A couple times in the last two or three weeks I’ve heard people say that teams take on the personality of their head coach. Specifically they were saying this in an effort to criticize Claude Julien. I just don’t think I can agree. The coach is on a day to day basis the most influential member of club management, but that’s about where it ends.
The general manager on the other hand not only selects the coaches, and the players, but selects the scouts, the assistant general managers, and trainers. They also set the priorities of personality, and physical attributes they value. It is also the GM who (in most organizations) has the final call on trades, draft choices, and what players are assigned to and recalled from a minor league affiliate. On top of that, they have the final say what free agents are pursued or resigned.
Bearing those things in mind, let’s look at two general managers that have been appointed recently, and the types of players they have brought in, made captain, and attempted to move.
First Brian Burke, Toronto Maple Leafs:
- Dion Phanuef, aggressive, hard skating defenseman who has drafted high and has a reputation for playing on or over the edge. Has not had his defensive game flattered much in the last couple seasons. Also has a reputation for not having his head in the game for long stretches of time. He was brought into the Maple Leafs via a trade with the Calgary Flames. After twenty six games of tepid play last season, he was named captain in the off season, a position that had been vacant since the departure in 2008 of Leafs icon Mats Sundin.
- Phil Kessel, was acquired from the Boston Bruins in exchange for two first round draft picks and a second round pick (Tyler Seguin 1st 2010, Jared Knight 2nd 2010, and upcoming 1st 2011). Kessel was and remains widely praised for exceptional speed, and a shot release that puts him in the top ten or fifteen players in the league in both. He’s also got a well documented history of failure to perform against top teams, isn’t gifted with an impressive work ethic, and probably accumulates almost as many hits her year as Tim Thomas. He’s not shown a willingness to play through pain for the good of the team.
- Mike Komisarek, picked up after he earned himself a one way ticket to anywhere but the Bell Centre. He’s a defensive defenseman, who plays with an edge, engaged in a very one-sided feud with Bruins winger Milan Lucic where he lost a couple fights, including one where he spent months on the shelf as a result of an injury sustained during the fight. He gouged the eye of the much smaller Matt Hunwick and hasn’t covered himself in glory as a Leaf.
Now a look at some of the key free players Peter Chiarelli has brought to the Boston Bruins.
- Zdeno Chara. Has responded well to both coaches he’s played for a Bruin, his former Islanders General Manager’s lone complaint of him is that he wanted to much money. He came into a town with a history of elite defensemen and earned himself a Norris trophy. Has, been a fixture of the team, played the 2009-10 season with a dislocated finger. Soft spoken off the ice and willing to give time to fans.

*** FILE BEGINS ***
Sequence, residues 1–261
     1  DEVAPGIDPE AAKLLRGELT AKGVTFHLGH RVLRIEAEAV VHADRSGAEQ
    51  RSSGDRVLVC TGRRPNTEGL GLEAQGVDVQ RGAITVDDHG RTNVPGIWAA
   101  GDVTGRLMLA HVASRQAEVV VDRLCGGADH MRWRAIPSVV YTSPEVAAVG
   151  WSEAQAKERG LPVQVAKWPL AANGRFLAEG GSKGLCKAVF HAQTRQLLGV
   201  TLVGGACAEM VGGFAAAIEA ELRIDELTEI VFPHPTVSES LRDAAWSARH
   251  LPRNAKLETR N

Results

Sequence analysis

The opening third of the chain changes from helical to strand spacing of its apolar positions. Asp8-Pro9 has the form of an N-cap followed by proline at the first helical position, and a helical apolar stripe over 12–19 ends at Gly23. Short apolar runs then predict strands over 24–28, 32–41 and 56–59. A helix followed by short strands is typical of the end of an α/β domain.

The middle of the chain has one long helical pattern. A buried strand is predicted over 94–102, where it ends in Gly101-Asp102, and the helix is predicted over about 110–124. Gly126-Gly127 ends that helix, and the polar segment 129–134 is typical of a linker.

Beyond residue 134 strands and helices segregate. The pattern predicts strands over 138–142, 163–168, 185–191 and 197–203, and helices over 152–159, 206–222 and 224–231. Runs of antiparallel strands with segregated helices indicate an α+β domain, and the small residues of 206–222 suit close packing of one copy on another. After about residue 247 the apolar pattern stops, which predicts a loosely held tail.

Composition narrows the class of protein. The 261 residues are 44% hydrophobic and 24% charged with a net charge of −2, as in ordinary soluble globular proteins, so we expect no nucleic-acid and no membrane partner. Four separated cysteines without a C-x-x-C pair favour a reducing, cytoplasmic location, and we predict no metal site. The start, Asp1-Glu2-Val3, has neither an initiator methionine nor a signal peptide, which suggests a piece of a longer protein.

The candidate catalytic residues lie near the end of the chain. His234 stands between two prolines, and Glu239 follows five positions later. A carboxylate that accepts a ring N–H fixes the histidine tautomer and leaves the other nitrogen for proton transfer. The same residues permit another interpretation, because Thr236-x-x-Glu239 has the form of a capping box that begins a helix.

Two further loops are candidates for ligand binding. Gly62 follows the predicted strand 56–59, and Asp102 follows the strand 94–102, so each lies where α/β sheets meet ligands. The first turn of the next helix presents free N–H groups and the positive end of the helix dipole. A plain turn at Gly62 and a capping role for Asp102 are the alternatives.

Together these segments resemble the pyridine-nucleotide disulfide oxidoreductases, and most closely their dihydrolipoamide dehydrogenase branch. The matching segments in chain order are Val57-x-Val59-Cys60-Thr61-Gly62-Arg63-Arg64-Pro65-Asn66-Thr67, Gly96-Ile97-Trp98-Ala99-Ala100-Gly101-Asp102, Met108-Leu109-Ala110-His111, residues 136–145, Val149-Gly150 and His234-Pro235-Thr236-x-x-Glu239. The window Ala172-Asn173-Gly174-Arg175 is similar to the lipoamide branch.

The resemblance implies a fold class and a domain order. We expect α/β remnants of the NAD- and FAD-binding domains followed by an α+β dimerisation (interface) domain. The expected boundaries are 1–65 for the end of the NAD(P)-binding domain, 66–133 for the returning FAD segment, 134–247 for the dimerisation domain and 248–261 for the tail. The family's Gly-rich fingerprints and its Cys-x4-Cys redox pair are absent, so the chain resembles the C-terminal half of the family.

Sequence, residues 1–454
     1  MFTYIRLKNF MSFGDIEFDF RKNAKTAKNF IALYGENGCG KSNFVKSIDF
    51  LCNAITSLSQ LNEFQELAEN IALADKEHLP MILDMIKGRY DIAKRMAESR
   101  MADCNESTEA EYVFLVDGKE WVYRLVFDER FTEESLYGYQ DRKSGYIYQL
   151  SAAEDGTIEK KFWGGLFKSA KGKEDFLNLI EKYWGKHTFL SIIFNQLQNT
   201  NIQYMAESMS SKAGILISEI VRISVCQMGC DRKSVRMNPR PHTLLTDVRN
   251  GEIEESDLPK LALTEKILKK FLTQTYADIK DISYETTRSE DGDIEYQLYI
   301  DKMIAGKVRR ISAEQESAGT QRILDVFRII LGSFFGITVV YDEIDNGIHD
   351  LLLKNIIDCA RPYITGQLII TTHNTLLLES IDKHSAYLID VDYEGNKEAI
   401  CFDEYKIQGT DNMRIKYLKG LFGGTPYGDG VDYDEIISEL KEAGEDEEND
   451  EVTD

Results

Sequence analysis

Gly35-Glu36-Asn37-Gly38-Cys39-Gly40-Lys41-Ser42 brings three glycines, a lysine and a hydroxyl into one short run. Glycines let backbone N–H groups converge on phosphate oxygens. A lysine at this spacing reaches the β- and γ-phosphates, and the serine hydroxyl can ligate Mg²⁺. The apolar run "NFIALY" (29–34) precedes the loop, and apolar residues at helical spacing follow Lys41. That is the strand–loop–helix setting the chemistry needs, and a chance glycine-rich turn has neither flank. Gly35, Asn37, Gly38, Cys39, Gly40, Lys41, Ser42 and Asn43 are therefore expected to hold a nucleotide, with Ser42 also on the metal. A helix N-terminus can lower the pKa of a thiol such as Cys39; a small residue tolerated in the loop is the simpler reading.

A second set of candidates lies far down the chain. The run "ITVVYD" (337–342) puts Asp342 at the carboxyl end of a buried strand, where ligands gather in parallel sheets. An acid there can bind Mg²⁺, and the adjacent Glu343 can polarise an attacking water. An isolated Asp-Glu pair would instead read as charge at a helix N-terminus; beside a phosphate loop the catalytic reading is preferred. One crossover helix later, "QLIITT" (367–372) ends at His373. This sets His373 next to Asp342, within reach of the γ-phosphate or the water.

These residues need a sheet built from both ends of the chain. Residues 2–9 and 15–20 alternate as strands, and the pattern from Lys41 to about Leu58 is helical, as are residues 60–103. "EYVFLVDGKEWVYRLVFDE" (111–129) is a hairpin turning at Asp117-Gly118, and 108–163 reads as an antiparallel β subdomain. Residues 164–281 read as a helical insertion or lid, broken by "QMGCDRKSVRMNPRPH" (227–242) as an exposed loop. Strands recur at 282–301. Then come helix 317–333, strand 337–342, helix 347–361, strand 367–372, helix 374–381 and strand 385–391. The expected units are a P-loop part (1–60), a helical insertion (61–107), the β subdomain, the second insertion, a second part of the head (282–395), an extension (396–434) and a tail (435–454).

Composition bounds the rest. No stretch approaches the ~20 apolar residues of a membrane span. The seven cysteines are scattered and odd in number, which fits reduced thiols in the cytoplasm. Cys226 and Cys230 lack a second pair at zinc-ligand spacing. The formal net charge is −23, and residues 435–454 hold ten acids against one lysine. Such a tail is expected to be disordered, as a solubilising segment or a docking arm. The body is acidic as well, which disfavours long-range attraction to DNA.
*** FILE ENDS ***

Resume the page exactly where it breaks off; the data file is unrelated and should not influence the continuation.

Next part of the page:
- Marc Savard. Came in a point per game player with a reputation for soft play, and defensive nonexistence. In the time he’s been in Boston, his points total has dipped slightly, but he has also been a large contributor to the penalty kill, and has led the team in scoring three of the four plus seasons here. By nearly any conceivable measure, he signed a contract extension well under his fair market value to remain a member of the Boston Bruins.
- Mark Recchi. As the NHL’s elder statesman by more than two years, on the surface it’s an interesting question as to why he’s on the roster at all. That is until you remember he’s one of the handful of players to hit over 1000 games, 1000 points, and 1000 penalty minutes. Also, certain minor stars of the NHL like Sidney Crosby and Steven Stamkos credit him with helping them hugely. Add that to the Bruins pretty young roster, and the upcoming talents and he’s a very, subtle element in the developmental progression of several players.
When you look at the rosters of both teams, see interviews with the core players, and look at who’s wearing the letters on the front of their jerseys you’ll notice that for the most part the Bruin’s players are soft spoken, introverted, and even if they play a very physical game, lean towards the cerebral thinking mans player. If you look at the Maple Leafs roster, you get one dimensional, high risk high reward style players who are more emotionally driven. I don’t think you could watch five minutes of footage of both GM’s and come away with any impression other than that these are the men who have crafted their teams.